Vietnam: thousands attend Mass in confiscated church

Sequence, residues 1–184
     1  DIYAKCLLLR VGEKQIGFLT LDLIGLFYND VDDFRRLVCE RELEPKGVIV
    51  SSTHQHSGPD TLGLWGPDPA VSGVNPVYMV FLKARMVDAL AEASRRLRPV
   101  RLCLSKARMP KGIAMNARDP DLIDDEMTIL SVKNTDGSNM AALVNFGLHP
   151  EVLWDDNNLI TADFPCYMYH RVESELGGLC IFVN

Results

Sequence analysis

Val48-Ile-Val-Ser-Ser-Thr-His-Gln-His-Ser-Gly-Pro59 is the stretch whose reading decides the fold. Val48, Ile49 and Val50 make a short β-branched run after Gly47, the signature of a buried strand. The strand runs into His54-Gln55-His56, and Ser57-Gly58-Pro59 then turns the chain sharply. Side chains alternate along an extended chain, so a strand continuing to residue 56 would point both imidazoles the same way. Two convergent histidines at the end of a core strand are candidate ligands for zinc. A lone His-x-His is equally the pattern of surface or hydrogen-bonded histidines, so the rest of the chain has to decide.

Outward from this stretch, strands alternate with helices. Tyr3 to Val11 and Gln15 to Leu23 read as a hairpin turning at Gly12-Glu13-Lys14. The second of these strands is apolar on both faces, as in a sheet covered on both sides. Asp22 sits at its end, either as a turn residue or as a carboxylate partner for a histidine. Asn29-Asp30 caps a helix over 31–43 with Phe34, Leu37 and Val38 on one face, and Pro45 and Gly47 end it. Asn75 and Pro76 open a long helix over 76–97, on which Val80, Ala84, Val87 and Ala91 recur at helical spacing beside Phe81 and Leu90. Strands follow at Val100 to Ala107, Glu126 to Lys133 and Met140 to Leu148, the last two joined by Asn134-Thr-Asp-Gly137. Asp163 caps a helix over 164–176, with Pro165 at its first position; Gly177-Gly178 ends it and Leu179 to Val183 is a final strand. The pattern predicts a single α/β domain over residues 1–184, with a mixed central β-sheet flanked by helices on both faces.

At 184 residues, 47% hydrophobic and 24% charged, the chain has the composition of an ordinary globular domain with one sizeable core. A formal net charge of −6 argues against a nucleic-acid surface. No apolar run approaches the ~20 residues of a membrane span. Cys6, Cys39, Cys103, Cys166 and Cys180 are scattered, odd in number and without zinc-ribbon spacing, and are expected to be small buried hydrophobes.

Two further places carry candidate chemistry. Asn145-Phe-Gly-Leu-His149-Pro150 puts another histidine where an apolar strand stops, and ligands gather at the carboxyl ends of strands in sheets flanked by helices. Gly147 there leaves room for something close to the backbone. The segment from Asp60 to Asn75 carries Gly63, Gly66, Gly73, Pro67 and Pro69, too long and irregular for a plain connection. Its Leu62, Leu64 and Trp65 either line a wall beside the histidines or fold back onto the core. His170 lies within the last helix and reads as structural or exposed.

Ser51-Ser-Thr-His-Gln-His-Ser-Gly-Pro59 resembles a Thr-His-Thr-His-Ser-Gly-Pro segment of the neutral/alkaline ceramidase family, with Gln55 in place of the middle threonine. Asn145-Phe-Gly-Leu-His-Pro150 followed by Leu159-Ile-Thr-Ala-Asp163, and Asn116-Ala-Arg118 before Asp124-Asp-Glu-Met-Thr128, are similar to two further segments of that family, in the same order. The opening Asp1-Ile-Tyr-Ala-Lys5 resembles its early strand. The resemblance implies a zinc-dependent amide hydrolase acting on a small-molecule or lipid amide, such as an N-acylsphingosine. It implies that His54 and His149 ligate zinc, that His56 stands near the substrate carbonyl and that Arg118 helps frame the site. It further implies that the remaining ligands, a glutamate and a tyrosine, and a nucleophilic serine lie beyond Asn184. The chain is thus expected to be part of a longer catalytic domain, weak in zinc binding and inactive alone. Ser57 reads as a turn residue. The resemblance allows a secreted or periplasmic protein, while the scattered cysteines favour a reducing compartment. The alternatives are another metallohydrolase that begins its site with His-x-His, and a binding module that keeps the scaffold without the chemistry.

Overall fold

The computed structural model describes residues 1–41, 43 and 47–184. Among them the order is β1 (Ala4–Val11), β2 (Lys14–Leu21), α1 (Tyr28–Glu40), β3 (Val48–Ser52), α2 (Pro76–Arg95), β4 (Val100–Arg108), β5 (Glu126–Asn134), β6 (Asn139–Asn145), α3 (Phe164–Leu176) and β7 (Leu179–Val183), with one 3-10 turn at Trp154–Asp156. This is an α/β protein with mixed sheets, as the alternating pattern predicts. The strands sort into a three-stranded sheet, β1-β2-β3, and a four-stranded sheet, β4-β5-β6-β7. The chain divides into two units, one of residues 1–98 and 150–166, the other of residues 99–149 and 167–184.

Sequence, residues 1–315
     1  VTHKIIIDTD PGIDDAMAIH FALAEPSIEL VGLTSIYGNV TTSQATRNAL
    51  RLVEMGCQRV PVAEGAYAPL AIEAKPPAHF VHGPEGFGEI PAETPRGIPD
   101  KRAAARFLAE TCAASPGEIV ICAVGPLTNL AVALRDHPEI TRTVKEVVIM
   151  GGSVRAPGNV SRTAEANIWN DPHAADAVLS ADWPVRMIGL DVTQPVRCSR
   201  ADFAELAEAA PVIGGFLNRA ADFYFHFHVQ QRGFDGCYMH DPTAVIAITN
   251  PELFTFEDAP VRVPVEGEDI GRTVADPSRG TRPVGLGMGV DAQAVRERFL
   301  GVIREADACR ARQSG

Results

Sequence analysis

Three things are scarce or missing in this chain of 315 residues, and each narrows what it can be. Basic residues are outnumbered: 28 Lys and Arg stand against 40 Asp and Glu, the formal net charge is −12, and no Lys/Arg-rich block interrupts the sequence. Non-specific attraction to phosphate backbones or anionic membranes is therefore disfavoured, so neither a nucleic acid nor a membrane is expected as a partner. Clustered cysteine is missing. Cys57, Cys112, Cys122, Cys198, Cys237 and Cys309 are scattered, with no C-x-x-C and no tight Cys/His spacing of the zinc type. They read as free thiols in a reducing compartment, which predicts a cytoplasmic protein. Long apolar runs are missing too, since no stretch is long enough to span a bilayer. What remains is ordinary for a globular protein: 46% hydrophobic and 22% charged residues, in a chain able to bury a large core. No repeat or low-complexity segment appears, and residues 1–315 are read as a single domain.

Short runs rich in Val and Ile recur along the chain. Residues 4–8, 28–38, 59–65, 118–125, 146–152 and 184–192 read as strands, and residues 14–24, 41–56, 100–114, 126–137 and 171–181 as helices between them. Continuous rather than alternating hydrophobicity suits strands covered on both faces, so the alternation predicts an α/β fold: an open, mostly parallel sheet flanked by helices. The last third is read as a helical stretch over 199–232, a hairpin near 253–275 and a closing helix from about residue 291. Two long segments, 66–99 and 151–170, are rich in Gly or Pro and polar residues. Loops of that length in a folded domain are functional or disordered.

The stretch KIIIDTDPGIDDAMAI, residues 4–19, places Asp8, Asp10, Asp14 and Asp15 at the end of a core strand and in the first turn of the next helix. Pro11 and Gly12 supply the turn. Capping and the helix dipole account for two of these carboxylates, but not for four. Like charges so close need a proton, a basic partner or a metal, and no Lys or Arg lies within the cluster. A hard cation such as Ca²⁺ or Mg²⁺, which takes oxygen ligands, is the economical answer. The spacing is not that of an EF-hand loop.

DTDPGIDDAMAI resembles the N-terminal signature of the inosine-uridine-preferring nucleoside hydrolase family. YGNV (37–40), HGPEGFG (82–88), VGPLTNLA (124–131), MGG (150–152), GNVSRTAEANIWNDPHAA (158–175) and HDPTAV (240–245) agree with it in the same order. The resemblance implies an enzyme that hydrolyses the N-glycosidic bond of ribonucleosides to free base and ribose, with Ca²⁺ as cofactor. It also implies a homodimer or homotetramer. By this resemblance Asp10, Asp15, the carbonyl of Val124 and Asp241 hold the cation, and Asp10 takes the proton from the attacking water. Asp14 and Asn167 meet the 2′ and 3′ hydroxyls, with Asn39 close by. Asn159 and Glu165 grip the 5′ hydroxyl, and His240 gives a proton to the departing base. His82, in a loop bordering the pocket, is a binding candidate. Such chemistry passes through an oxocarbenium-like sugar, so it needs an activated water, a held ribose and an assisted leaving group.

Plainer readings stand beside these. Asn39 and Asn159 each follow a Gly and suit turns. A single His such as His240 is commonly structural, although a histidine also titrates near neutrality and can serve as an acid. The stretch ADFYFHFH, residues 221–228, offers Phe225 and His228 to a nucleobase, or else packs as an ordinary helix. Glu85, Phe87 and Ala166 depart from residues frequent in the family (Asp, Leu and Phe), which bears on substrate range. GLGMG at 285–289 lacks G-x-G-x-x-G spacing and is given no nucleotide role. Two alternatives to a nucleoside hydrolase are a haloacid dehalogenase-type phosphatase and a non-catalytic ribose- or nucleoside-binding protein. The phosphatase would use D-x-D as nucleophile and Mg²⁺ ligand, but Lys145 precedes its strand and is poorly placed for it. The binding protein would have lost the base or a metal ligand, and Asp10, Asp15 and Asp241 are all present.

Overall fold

Despite threats from the authorities, Bishop Paul Maria Cao Dinh Thuyen and 14 priests of the diocese of Vinh (334 km South of Hanoi), concelebrated Mass in a church which was confiscated by the government in 1997. Thousands of Catholics attended the Mass in Tam Tao. The church of Tam Toa, built in Portuguese style in 1887, was known as one of the most beautiful churches in Vietnam. In 1968, it was badly damaged by US Air Force bombing. Only the entrance and the bell tower remain. But Mass continued to be celebrated in the ruins of the church until March 1996 when the People's Committee of Quang Binh province confiscated the church stating that it was chosen a 'site of War Memorial' and 'must be preserved and protected for future generations to remember American War Crimes." For Vietnamese Catholics, Tam Toa is a historic parish. It can trace its origins back to 1631. The parish grew quickly during the 17th century and was the largest in the region with around 1, 200 Catholics. There was also an orphanage and a school there. In 1886, a group, which was highly anti-Western, calling themselves 'Van Than', attacked the parish of Tam Toa killing 52 parishioners in what it considered retaliation against the French presence in Vietnam. Many Christians survived the massacre by fleeing shelter in Dong Hoi. Tam Toa church was built a year later to fulfil the spiritual needs for a growing number of faithful. Tam Toa today is home to more than a thousand parishioners, many of whom are eager to renovate their church.

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